(HealthDay News) — A study published online May 27 in the Journal of the American Medical Association confirms that moderate-intensity physical activity reduces mobility problems in older adults. This research was released to coincide with presentation at the annual meeting of the American College of Sports Medicine, held from May 28–31 in Orlando, Fla.

Marco Pahor, MD, from the University of Florida in Gainesville, and colleagues evaluated 1,635 sedentary men and women aged 70–89 years who had physical limitations but were able to walk 400 meters. The participants were randomized to either a structured, moderate-intensity physical activity program (at a center twice/week and at home three or four times/week) or a health education program consisting of workshops on topics relevant to older adults and upper extremity stretching exercises. The intervention included aerobic, resistance, and flexibility training activities.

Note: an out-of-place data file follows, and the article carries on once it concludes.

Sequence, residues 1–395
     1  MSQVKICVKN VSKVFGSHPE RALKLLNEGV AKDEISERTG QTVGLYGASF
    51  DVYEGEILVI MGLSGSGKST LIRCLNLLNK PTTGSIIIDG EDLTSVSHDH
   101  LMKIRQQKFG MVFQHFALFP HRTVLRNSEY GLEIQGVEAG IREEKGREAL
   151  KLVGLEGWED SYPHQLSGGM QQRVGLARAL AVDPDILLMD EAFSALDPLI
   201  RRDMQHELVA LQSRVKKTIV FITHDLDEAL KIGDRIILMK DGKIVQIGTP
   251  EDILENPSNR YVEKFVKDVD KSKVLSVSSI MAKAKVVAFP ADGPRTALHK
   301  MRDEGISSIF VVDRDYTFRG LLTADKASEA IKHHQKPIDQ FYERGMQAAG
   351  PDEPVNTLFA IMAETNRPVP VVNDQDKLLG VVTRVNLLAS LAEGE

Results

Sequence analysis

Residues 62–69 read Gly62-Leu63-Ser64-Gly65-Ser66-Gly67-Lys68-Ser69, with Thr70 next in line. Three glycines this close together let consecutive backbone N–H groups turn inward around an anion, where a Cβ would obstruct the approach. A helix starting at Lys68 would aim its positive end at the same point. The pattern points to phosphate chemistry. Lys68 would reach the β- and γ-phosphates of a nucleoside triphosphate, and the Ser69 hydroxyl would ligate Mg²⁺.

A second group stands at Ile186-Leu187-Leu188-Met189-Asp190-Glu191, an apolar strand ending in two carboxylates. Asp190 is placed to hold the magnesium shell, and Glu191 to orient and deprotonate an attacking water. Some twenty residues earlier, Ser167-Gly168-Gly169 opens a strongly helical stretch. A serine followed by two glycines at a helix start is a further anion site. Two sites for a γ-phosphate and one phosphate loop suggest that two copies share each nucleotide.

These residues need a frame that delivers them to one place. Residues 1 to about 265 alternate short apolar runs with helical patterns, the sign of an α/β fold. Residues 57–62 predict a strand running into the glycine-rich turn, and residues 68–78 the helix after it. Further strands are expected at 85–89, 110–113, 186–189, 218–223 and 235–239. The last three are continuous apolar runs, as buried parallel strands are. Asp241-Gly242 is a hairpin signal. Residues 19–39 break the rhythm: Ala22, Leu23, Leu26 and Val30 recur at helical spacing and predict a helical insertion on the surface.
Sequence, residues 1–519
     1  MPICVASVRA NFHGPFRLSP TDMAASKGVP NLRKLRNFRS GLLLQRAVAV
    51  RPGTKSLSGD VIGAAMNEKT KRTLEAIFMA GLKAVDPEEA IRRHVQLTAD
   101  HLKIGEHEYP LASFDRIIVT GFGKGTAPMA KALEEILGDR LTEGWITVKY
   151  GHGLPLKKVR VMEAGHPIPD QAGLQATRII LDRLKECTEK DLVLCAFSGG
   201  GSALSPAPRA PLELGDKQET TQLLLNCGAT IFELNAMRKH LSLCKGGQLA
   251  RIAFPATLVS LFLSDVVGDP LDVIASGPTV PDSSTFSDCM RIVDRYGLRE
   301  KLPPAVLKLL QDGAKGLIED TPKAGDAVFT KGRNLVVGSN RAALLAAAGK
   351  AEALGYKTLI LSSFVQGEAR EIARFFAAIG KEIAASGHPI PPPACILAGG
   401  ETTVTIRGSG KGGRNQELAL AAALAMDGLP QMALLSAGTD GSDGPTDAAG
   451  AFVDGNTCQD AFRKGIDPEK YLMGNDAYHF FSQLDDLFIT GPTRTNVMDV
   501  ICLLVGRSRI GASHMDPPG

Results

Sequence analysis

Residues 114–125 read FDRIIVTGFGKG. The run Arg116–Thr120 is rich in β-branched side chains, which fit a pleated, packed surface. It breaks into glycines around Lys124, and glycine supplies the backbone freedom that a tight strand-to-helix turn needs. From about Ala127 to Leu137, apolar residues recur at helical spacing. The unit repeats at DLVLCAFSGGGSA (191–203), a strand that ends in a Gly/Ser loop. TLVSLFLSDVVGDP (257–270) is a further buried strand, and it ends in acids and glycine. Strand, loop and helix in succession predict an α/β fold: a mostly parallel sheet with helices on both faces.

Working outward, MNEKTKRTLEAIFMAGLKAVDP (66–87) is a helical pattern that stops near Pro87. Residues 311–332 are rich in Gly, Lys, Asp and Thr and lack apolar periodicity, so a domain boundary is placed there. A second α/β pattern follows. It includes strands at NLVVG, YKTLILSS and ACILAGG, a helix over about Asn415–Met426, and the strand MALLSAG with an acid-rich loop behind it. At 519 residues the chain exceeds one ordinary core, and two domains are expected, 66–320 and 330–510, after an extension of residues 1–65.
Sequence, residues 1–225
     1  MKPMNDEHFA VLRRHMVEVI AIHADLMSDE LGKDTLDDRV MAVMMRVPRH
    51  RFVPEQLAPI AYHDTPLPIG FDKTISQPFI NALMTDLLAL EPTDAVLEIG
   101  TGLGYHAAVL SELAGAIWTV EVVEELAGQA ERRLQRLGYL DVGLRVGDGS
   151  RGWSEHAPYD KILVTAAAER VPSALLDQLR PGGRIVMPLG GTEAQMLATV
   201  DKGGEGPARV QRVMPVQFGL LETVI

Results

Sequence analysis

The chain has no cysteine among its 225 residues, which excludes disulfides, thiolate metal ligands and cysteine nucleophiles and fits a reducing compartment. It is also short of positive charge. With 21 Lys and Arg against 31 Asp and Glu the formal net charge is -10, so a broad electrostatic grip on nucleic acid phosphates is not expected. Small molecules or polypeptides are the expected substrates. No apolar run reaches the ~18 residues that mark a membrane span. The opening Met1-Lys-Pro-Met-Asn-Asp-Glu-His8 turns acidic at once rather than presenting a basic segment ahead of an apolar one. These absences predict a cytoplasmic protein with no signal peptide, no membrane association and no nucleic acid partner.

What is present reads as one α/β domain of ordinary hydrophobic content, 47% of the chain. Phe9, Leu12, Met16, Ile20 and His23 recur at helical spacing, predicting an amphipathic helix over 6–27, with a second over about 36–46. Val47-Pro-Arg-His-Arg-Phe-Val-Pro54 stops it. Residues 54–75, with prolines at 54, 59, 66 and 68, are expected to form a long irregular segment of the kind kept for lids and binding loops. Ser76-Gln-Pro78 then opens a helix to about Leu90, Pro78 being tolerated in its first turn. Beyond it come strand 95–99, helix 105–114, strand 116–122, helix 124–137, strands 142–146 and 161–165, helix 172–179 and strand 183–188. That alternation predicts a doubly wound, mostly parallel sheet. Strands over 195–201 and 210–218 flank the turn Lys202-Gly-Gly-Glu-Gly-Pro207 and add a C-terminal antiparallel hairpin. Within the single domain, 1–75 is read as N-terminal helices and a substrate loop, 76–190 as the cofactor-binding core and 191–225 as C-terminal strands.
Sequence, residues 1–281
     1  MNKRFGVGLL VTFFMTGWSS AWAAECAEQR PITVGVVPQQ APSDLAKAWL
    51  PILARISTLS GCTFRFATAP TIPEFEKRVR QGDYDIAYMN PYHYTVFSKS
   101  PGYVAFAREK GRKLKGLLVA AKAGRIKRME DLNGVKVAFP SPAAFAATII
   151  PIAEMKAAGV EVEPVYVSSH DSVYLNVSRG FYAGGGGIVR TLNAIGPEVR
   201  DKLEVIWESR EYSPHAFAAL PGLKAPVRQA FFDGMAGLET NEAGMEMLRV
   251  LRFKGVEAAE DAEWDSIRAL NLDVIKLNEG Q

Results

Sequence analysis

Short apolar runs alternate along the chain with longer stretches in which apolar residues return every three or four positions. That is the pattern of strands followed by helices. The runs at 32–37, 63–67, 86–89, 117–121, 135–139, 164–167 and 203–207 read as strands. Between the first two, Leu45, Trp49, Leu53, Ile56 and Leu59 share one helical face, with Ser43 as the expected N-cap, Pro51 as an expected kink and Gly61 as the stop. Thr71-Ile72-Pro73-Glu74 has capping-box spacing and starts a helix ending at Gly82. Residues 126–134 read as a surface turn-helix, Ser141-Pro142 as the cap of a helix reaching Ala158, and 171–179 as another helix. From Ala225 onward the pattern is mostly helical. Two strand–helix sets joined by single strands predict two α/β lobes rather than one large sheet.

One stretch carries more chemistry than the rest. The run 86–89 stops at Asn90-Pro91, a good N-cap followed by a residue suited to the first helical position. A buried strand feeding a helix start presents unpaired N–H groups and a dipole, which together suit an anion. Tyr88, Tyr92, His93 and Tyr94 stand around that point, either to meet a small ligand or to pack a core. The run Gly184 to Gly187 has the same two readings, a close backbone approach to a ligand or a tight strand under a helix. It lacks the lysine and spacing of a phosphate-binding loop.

The researchers found that new, major mobility disability occurred in 30.1% of the physical activity group and 35.5% of the health education group (hazard ratio, 0.82; P=0.03). In the intervention group, persistent mobility disability was experienced by 14.7% of participants, compared to 19.8% in the health education group (hazard ratio, 0.72; P=0.006). Similar numbers of serious adverse events were reported by the two groups (risk ratio, 1.08; 95% confidence interval, 0.98–1.20).

“A structured, moderate-intensity physical activity program compared with a health education program reduced major mobility disability over 2.6 years among older adults at risk for disability,” Pahor and colleagues conclude.

Several authors disclosed financial ties to the fitness and pharmaceutical industries.

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